By Daniel Weintraub -- Bee Columnist
Sunday, January 9, 2005
Amid all the hoopla that went along with Gov. Arnold Schwarzenegger's second State of the State speech, and all the talk of the governor's bold plan to attack some of the Capitol's most sacred cows, state Sen. Tom McClintock went almost unnoticed.
But as the recall election that ousted former Gov. Gray Davis finally seems to be bearing serious fruit, maybe this is a good time to give McClintock his due.
The steely economic conservative from the northern San Fernando Valley was present at the creation of the recall. One of his longtime aides - John Stoos - helped nurture the idea, his friend Ted Costa was the official sponsor, and McClintock himself attended the recall group's first press conference, before anyone was taking the thing seriously.
Then, as the campaign unfolded in the summer of 2003, McClintock entered the fray as a candidate for governor, offering a pointed, no-nonsense appraisal of the state's condition, and strong medicine to cure it.
As other Republicans dropped out of the race, clearing the way for actor Arnold Schwarzenegger, some urged McClintock to do the same. Political consultants and pundits warned that he was risking his political future by endangering Schwarzenegger's candidacy, but McClintock simply said he trusted the voters to decide whether he was a viable candidate, and not to waste their votes on him if he was not.
At the one and only debate featuring all the candidates, McClintock shined. More than once, he almost seemed to be offering Schwarzenegger a lifeline, and his novice opponent grabbed it, echoing the senator's comments. McClintock emerged as a sentimental favorite, with Republicans and Democrats both saying they admired his principled stands.
But principles or not, he lacked Schwarzenegger's movie-star credentials, and he could not budge the leader's numbers among a mass audience. McClintock faded down the stretch, finishing third behind Schwarzenegger and Democrat Cruz Bustamante, with 13 percent of the vote.
For the next year, McClintock watched from the Senate as Schwarzenegger learned the ropes in the Capitol, compromised with Democrats, avoided confrontation and, in the end, made little progress on the fundamental problems that bedeviled the state. The senator offered muted criticism when appropriate, support where he could.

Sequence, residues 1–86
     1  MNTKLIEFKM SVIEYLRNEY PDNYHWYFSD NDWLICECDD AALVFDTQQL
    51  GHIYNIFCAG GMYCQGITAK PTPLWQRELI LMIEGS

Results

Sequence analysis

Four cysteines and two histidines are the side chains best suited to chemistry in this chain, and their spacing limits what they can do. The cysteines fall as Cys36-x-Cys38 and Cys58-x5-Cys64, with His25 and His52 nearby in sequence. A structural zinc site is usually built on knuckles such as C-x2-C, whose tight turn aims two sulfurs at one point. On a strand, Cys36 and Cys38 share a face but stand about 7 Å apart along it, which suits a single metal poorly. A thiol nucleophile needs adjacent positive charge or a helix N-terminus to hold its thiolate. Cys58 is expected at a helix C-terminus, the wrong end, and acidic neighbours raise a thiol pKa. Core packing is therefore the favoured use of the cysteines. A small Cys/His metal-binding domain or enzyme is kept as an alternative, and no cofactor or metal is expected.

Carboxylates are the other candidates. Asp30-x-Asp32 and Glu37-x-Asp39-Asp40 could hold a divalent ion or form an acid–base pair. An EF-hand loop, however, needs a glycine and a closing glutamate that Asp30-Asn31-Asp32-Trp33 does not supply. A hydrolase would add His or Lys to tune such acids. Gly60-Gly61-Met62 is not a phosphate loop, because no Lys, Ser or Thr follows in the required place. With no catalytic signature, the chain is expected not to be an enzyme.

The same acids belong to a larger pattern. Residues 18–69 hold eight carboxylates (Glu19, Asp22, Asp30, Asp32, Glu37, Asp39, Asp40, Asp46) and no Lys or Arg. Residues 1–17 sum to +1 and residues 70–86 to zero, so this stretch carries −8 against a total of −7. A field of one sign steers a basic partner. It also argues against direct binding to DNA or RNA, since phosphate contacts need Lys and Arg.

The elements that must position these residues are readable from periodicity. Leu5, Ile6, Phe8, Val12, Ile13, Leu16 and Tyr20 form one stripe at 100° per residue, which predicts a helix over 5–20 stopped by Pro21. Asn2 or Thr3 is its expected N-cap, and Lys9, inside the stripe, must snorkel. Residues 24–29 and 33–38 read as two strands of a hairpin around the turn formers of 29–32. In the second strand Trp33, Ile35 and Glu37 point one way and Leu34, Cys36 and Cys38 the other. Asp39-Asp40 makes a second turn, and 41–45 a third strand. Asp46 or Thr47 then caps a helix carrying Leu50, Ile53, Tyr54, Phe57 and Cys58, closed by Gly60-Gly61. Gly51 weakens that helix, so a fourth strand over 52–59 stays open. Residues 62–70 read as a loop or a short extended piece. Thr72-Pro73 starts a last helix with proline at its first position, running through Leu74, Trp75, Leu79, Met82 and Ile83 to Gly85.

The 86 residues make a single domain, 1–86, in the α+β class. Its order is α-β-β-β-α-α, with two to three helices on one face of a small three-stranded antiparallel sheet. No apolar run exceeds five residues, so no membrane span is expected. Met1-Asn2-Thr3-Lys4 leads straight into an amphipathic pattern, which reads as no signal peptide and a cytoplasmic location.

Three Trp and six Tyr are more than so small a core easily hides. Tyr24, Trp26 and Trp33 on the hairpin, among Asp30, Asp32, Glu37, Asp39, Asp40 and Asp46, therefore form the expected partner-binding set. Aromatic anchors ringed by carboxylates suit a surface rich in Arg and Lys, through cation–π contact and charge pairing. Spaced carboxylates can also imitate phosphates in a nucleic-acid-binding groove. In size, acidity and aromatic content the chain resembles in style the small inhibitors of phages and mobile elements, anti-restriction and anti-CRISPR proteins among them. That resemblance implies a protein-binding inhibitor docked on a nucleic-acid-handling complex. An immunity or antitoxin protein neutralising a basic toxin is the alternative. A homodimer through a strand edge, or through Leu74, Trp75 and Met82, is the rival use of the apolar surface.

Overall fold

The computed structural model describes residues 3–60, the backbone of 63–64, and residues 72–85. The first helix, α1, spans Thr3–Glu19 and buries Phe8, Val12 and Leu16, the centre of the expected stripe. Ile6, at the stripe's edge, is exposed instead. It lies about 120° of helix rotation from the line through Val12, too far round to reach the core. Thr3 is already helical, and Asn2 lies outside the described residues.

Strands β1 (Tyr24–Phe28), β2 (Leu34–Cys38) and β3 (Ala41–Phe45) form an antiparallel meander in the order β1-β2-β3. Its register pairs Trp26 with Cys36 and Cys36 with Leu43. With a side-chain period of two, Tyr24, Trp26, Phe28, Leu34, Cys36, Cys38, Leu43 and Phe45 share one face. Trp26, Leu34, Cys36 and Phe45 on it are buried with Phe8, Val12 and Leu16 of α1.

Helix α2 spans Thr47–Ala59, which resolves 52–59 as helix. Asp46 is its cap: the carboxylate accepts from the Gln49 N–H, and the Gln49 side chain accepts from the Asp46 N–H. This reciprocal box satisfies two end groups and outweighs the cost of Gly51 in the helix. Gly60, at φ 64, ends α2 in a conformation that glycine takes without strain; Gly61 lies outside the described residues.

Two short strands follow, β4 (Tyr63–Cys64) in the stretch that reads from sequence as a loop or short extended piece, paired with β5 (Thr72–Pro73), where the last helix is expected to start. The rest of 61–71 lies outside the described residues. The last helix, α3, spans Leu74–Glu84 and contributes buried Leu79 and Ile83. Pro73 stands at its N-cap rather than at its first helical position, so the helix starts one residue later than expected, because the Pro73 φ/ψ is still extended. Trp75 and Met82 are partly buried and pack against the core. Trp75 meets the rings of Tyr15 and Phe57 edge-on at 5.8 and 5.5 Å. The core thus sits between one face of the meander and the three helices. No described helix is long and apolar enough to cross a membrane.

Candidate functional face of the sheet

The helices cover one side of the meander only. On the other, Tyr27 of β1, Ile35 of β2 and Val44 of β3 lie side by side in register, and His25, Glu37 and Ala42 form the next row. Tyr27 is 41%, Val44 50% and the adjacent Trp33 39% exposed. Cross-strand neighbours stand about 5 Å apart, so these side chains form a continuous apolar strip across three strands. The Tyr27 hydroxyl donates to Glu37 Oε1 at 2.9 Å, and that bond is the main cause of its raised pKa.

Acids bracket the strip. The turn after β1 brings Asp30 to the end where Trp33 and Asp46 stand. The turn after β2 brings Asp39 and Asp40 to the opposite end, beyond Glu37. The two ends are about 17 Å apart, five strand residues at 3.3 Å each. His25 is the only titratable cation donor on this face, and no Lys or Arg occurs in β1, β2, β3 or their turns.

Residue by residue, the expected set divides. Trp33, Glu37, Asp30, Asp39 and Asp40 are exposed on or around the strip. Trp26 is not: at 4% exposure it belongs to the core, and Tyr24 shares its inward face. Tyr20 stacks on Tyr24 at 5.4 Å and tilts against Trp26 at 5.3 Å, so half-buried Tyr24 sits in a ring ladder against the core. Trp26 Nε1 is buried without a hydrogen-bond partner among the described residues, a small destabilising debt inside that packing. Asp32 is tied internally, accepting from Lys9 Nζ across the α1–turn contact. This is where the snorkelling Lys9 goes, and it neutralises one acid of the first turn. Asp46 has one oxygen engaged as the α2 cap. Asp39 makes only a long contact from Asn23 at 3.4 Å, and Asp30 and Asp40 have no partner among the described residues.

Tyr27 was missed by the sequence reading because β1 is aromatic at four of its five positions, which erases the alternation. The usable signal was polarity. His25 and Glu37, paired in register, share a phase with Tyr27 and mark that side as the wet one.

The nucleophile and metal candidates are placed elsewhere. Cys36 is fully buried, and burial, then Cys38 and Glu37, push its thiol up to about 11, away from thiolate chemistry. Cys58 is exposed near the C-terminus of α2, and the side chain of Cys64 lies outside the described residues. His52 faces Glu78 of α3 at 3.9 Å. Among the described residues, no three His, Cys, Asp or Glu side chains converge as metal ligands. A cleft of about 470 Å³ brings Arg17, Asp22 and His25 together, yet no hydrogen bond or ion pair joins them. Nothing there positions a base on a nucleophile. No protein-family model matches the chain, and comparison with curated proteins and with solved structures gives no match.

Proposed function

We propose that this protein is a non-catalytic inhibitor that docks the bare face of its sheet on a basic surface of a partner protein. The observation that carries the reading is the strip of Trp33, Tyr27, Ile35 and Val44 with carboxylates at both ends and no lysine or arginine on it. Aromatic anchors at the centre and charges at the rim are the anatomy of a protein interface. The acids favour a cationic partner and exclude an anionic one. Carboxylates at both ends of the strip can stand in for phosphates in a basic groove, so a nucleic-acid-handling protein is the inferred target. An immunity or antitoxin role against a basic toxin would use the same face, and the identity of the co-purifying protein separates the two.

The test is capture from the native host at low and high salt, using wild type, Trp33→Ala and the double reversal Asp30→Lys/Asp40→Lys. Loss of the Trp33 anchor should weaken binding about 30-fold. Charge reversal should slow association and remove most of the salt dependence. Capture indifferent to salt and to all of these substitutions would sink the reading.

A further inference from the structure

Then, Wednesday night, suddenly everything changed. It was if the flashy governor were channeling his straight-laced colleague. Schwarzenegger's speech sounded almost as if McClintock had written it.
"Maybe I should have copyrighted some of my ideas," McClintock said with a laugh when I asked him later about the resemblance.
McClintock, some might remember, was one of only a handful of lawmakers to vote against a pension bill in 1999 that boosted state retirement benefits and paved the way for a wave of local pension increases that have threatened the financial solvency of some cities and counties. Three years later, McClintock was the only legislator to vote against a lavish new contract for the state's correctional officers, or prison guards. And all along he warned that the state's spending growth could not be sustained.
Now Schwarzenegger was saying that pension bloat, the guards union and other ills McClintock has spotlighted over the years were the heart of the state's problems. And with no apparent bitterness, McClintock endorsed the Schwarzenegger agenda.
Merit pay for excellent teachers? "I've always maintained that the public schools would work a lot better if we paid the best and the brightest more than the dullest and the laziest."
Pension reform? "It has to be done." McClintock voted for a similar plan almost 15 years ago that was undone by the 1999 bill he opposed. "Had it been left alone I doubt we would be facing the spiraling costs we are now."
Removing from legislators the power to draw their own political boundaries? "People with a direct stake in a decision should not be the ones making that decision. It's not fair to them, and they make lousy decisions."
Budget reform? McClintock might go further than the standby, across-the-board cuts Schwarzenegger has proposed, but he says the governor's plan will do the job. "It's a helluva lot better than what we have now," he said.
McClintock predicts that Schwarzenegger, if he stays the course, will prevail. But it won't be easy.
"I don't think he is doing this because he wants to, but because he has to," McClintock said of the governor. "He made it very clear that this is going to be a nasty fight and he's probably going to emerge from it less popular than when he went in. But it has to be done. Because these problems can't be ignored, and time has run out. That's what leadership is all about."
McClintock ought to know.